The petition also covers HPC pea protein that is blended, combined, or mixed with pea protein not coved by the petition (ie, HPC pea protein from countries other than China or non-HPC pea protein), or with such other products as protein powders, dry beverage blends, and protein fortified beverages. For any such blended, combined, or mixed products, only the HPC pea protein component from China is covered by the petition. HPC pea protein that has been blended, combined, or mixed with pea protein not covered by the petition or with other products is included within the scope, regardless of whether the blending, combining, or mixing occurs in third countries.
A blend, combination, or mixture is excluded from the scope if the total HPC pea protein content of the blend, combination, or mixture (regardless of the source) comprises less than 5 percent of the blend, combination, or mixture on a dry weight basis.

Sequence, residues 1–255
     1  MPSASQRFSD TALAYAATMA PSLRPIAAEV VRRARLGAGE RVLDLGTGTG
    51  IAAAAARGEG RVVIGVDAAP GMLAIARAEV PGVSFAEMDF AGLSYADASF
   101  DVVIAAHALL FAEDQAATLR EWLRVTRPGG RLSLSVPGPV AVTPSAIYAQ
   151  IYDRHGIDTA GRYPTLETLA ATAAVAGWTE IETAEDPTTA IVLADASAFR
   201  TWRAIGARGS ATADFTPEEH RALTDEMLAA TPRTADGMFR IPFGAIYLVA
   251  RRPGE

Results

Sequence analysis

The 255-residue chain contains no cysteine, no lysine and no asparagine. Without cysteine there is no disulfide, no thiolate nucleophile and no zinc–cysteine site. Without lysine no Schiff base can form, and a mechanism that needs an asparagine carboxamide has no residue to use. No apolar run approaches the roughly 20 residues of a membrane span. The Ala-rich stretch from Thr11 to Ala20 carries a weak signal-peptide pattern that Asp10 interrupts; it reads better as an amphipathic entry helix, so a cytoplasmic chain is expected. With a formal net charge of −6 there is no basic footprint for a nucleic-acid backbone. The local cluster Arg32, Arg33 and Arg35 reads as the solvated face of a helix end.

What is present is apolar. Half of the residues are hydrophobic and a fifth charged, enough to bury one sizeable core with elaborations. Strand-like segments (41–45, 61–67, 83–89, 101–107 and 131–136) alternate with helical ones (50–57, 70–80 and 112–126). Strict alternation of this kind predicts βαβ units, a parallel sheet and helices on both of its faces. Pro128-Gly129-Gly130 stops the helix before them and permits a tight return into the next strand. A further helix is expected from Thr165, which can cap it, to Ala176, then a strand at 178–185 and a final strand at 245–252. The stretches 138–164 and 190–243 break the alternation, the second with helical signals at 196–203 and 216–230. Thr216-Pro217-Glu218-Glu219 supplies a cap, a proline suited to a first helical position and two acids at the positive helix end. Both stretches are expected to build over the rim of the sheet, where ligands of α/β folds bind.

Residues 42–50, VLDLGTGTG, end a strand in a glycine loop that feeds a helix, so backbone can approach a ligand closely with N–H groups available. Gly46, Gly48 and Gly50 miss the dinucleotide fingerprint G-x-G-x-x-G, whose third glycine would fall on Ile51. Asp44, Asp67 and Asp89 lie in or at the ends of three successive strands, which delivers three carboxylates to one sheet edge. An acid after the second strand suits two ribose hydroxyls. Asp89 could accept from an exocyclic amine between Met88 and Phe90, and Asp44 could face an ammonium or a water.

The HPC pea protein covered by the petition is provided for under subheadings 3504.00.1000, 3504.00.5000, and 2106.10.0000 of the Harmonized Tariff Schedule of the United States (HTSUS). It may also be classified under HTSUS subheading 2308.00.9890.
The total value of US imports of HPC pea protein under subheadings 3504.00.1000, 3504.00.5000, and 2106.10.0000 was $300.6 million in 2022.
Foreign producers and US importers of HPC pea protein
The petition identifies 19 exporters and 33 US importers of HPC pea protein from China. See the lists of foreign producers and US importers from the petition.
Estimated schedule of the investigations
AD and CVD proceedings are conducted pursuant to a strict statutory time schedule. Below is an estimated schedule for the AD and CVD investigations on HPC pea protein from China.
7/12/2023 – Petition filed
8/28/2023 – ITC preliminary injury determination
10/5/2023 – DOC preliminary CVD determination, if not postponed
12/11/2023 – DOC preliminary CVD determination, if fully postponed
12/19/2023 – DOC preliminary AD determinations, if not postponed
2/7/2024 – DOC preliminary AD determinations, if fully postponed
6/28/2024 – DOC final AD and CVD determinations, if both preliminary and final determinations are fully postponed
8/12/2024 – ITC final injury determination, if DOC determinations are fully postponed and DOC final determinations are aligned